This is a continuation in our Children and Minimalism series.
Creating a streamlined wardrobe for the toddler has been a long process. He received so many clothes as gifts at baby showers and of course I bought things that I liked, then handmedowns found their way to us. It was a lot to process, and a lot to discard, while coming up with a wardrobe formula that we can follow each season.
For a while I found that we had an abundance of fancy clothes. Things that were not practical for everyday wear so he wore them once or twice for a few hours before they were outgrown. Now that I am buying all of his clothing myself, I limit his nicer outfits to two bottoms, two top sets for each bottom, and one pair of shoes. In the summer we switch to shorts and one shirt – just the t-shirt or roll up the sleeves on a button down.
We are very casual west coast people so this is totally appropriate for a toddler attending church or holiday parties or other occasions where one might dress up. The only social situation we’ve encountered where this style wouldn’t fly was a, capital F, fancy wedding back east. I bought him a pair of grey slacks, borrowed a white button down shirt, and he wore his nice shoes (Converse at the time). We as adults had to dress up more, but toddlers can get away with a lot. I am very happy his outfit, which was worn once, cost only $13.
At his age, weekday clothing is just a step above pyjamas. He is in daycare full time. He is running, climbing, and napping and his outfits have to be comfortable in all of those activities. For winter months the uniform is knit pants, a t-shirt, and a long sleeve shirt. I try to source these items as inexpensively as possible – handmedowns, second hand stores, clearance racks – because chance are good that it will all be rags when it’s outgrown. I want him to play hard and experience new things. I don’t want his daycare teachers worrying about dirt or paint or food on his clothing.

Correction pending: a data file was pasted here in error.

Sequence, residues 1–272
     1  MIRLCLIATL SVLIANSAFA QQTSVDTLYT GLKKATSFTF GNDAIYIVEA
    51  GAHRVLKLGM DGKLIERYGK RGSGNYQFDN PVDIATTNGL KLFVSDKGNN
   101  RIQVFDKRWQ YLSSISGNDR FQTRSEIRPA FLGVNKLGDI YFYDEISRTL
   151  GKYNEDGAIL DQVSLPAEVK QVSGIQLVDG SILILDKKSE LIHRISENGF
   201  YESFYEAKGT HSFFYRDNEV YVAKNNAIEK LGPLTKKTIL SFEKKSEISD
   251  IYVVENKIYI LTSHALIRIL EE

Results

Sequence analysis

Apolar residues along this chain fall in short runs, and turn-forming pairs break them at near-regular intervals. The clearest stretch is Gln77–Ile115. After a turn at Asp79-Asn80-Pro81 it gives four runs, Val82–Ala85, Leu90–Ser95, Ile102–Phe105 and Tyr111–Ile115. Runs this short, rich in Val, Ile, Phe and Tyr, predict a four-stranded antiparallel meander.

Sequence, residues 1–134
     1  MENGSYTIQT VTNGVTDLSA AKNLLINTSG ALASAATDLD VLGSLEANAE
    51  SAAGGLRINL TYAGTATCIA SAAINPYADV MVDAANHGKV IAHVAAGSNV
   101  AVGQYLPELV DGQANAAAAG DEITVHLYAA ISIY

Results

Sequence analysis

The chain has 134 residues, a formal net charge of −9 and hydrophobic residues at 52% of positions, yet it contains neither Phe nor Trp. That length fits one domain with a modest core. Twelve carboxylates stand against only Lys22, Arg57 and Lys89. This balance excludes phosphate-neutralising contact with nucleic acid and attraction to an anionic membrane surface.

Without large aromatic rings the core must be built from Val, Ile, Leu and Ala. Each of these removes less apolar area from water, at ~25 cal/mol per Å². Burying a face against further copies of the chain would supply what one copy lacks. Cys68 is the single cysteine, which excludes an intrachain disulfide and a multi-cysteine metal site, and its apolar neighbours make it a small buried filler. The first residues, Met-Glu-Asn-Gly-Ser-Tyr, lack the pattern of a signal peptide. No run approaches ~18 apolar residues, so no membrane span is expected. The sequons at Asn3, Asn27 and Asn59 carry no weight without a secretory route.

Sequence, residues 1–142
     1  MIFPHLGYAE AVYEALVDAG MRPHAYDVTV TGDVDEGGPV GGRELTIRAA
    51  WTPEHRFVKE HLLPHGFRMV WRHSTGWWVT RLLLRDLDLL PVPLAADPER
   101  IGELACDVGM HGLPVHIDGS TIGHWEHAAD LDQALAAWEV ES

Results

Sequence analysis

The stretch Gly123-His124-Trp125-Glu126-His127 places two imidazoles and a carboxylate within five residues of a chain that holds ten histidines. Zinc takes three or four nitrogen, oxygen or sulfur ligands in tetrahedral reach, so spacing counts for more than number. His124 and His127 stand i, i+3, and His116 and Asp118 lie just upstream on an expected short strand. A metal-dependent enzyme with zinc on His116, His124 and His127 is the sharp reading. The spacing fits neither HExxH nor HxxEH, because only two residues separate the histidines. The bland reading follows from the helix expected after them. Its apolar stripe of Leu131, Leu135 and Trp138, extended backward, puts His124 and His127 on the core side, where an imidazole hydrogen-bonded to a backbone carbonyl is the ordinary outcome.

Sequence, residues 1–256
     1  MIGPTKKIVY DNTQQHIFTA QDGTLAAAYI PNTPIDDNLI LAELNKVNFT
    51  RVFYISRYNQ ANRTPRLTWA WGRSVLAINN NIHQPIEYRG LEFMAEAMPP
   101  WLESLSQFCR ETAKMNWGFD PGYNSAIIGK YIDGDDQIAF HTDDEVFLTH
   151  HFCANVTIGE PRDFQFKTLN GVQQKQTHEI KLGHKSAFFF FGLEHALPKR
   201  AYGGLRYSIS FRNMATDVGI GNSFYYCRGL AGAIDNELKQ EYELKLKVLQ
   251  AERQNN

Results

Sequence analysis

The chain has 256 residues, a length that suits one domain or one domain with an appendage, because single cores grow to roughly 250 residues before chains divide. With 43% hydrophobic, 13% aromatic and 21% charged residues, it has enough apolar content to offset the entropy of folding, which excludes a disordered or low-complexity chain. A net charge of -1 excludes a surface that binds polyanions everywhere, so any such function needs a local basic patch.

We have seven of these outfits sets – Monday through Friday, a spare at daycare, and a spare at home. When I put clothes away I stack each outfit together with a pair of socks so there is zero decisions to be made if we are rushing in the morning. I try to make both shirts match the pants, but the shirts probably don’t match each other. The vast majority are not pieces I love, but at this age we are going for function, comfort, and affordability. In the summer we switch to knit shorts and just a t-shirt.
Since we live in Canada, footwear and outerwear change significantly with the seasons and my only rule is to be reasonable. With things like snow suits or swim suits, I buy one initially and buy a backup if it becomes a necessity. His clothing is also wearing out or it is outgrown frequently. I replace each item as needed, but our overall total stays the same. Recently I noticed his shirts getting shorter so I did a big inventory, made a list, and hit the end of season clearance racks to find replacements.
I know as he gets older he will develop opinions on his clothing, but it is my sincere (although perhaps naive) hope that we can work together within these boundaries. He can choose what to wear, we set the limit on how many outfits are allowed each season.
Much like his toys, this isn’t a truly minimalist wardrobe, it is just streamlined and practical for our needs at this time. If he wasn’t going to daycare or if we could do laundry more frequently I would probably pare it back more. Our current formula will definitely be adaptable as our life and needs change.